2. Cementing the relationship (late 1960s to 1970s): Friendship with you
In the late 1960s to 1970s the gender structure of the SDF changed significantly. Japanese government military planners then expanded the number and types of jobs that SDF women could perform.
In 1967, the Ground Self-Defense Force’s new policy of placing women in so-called supporting jobs set the stage for launching the Women’s Army Corps (WAC) the following year. The male officials’ reasoning seemed to stem from a desire to more “efficiently” use male SDF soldiers in what they deemed to be “manly” jobs. One civilian defense official, Kaihara Osamu, Director General of the Secretariat of the Minister of State for Defense from 1965 to 1966, recalled the situation he had observed that affected his decision to change this policy:
One day, I went to the [SDF] magazine [production office] in Saitama Prefecture…I saw many men arranging things in the magazine. What a waste! This is not a man’s job but a woman’s job. I thought, women are good at organizing, you know? Think about World War II. The women’s voluntary corps was very successful, wasn’t it? So I thought that men should run with machine guns while women take care of storing them. Such a division of labor would be best, I thought.35
The statement brilliantly captures how this senior official set out to (re)craft military personnel policy in ways that would “secure” the masculinized integrity and character of the military profession, while expanding the role of women in the SDF. Nevertheless, even if women were to be marginalized by exclusion from the SDF’s “core” tasks (those related to killing), resistance remained to women becoming soldiers. According to Kaihara, the military elites of the GSDF in the late 1960s remained unified in their opposition to creating the WAC and expanding women’s roles in the SDF.36
However, other forces would affect the gendered formation of the military. As Sasson-Levy points out, “globalization processes have served as catalysts for change and development in gender relations in many militaries around the world, especially in Western militaries.”37 Since militaries examine situations internationally and emulate each other, especially the world’s dominant ones, they tend to become similar to one another.38 Needless to say, the U.S. military has strongly influenced all other militaries. Japan is among the loyal students influenced by the gendered structure of the U.S. military at the time, taking it as a model in certain respects for the SDF.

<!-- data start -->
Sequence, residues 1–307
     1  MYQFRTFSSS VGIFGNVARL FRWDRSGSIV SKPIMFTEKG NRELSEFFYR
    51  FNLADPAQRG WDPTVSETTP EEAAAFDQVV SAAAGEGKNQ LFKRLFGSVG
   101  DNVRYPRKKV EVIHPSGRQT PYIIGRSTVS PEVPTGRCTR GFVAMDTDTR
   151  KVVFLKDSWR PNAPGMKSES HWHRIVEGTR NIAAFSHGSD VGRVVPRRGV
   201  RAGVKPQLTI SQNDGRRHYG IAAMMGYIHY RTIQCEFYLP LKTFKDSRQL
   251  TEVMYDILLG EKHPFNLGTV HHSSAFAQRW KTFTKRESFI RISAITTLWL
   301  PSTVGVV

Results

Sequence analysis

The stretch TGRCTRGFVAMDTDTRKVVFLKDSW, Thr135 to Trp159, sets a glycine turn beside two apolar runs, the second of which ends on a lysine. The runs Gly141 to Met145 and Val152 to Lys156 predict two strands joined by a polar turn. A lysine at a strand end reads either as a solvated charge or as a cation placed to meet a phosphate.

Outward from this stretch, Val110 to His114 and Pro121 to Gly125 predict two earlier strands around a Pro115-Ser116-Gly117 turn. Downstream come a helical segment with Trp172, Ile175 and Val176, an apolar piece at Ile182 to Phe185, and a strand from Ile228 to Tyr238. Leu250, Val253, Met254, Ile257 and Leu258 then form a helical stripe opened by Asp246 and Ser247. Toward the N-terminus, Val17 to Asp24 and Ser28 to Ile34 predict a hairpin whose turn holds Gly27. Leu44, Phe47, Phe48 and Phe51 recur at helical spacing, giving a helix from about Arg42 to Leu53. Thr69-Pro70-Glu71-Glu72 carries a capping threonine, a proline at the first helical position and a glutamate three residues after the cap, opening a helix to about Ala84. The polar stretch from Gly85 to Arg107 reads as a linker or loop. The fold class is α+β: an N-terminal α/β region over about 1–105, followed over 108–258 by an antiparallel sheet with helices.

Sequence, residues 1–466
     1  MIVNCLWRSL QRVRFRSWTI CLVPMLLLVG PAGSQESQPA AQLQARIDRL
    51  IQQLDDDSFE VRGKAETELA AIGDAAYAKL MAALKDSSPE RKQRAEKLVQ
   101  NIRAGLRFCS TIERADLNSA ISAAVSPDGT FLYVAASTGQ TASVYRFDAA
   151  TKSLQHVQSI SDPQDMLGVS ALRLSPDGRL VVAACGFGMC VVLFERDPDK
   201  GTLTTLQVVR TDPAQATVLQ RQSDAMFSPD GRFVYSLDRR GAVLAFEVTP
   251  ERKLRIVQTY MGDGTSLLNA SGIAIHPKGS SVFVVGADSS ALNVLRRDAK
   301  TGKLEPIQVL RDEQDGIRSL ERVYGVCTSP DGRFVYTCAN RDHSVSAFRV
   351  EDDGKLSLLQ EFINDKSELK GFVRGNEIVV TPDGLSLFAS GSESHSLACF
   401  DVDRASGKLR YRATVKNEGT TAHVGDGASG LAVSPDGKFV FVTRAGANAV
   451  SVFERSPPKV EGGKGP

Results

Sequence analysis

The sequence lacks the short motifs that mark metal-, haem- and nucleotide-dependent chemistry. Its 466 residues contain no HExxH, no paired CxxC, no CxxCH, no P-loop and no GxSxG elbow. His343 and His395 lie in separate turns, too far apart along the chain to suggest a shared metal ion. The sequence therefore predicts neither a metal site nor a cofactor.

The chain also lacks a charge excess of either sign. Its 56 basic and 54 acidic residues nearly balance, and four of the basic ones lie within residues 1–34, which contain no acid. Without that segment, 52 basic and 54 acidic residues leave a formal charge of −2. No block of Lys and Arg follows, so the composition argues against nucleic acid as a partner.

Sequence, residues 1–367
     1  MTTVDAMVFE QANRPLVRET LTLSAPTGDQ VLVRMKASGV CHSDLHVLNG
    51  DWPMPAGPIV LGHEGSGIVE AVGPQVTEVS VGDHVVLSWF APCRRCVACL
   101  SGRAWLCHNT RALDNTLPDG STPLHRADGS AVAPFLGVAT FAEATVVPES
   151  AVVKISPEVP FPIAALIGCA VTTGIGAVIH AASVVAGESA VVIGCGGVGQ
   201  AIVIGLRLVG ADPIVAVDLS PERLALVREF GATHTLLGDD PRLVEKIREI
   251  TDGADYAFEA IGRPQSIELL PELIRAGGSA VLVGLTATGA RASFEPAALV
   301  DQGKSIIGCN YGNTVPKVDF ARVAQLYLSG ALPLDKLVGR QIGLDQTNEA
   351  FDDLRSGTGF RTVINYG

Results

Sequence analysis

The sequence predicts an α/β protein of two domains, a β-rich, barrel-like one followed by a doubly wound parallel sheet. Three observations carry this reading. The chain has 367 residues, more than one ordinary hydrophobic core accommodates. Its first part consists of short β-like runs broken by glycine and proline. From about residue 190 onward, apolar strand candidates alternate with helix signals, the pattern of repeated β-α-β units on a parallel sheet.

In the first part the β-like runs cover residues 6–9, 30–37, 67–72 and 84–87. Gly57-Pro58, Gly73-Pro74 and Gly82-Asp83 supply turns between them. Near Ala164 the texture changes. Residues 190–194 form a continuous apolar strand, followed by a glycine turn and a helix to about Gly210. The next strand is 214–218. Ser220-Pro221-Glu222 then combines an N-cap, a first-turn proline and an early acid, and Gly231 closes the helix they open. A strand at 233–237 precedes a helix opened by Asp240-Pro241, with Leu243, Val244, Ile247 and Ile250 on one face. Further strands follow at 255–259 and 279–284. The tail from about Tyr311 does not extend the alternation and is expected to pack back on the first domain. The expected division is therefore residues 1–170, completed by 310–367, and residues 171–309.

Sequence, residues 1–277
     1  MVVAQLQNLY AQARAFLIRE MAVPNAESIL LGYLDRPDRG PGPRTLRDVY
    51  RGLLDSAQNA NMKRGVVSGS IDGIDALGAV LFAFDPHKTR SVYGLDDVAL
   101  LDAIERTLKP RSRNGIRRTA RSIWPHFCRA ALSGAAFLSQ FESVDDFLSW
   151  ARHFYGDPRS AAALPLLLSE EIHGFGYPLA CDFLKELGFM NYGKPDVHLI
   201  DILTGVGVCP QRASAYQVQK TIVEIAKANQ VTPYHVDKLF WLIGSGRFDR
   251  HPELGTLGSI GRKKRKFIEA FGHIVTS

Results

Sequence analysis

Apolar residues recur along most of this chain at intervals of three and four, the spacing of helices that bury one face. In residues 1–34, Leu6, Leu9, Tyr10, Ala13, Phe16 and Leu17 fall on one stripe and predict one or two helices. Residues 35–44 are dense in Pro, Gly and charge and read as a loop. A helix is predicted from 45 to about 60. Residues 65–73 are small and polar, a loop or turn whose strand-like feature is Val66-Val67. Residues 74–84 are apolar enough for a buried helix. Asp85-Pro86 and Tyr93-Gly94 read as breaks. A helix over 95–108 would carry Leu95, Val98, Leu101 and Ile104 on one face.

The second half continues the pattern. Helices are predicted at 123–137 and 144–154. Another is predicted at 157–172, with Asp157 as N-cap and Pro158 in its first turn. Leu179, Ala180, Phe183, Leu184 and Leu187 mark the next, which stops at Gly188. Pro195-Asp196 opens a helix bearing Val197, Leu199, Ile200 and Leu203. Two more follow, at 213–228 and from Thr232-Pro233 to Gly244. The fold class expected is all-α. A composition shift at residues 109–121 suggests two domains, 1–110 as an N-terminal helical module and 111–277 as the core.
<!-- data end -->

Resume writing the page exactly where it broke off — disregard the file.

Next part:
|Figure 3 Col. Tanaka Shoji’s visit to the U.S. Women’s Army Corps Center42
Kaihara testified that the turning point came when a Japanese defense attaché in the U.S. persuaded a visiting official to approve the idea of a Japanese WAC.39 Figure 3 is a photograph that was taken when Col. Tanaka Shoji visited the U.S. Women’s Army Corps Center on an inspection tour in April 1965. On the left is Lt. Col. Elizabeth P. Hoisington, who was appointed the seventh Director of WAC in August 1965 and served from 1966 to 1971.
During his visit, Col. Tanaka learned how the Pentagon incorporated women into its staff, although women comprised just 2 percent of the U.S. military in the late 1960s during the Vietnam War era. Matsukane Hisatomo, who had served in the U.S. as a defense attaché and was familiar with the WAC, persuaded Col. Tanaka to approve the creation of a Japanese WAC.40 After Col. Tanaka’s return to Japan, the GSDF sent four female nurses to the U.S. for training at the U.S. WAC School.41
Throughout the Cold War, the U.S. WAC Center trained foreign female officers not only from Japan but from many allied countries. We can infer from a list of foreign female officers trained at the U.S. WAC Center that they played roles in networking relations between the U.S. and Japan. Japan was hardly alone in dispatching women to the WAC center. Korea and Vietnam sent the largest number of female officers to the U.S. WAC Center: 21 Korean and 18 Vietnamese women were trained there from 1957 to 1967.43 The U.S. Commandant, on November 1st, 1967 pointed to the potential role of women in the military of Japan and South Vietnam in the “defense of the free world”: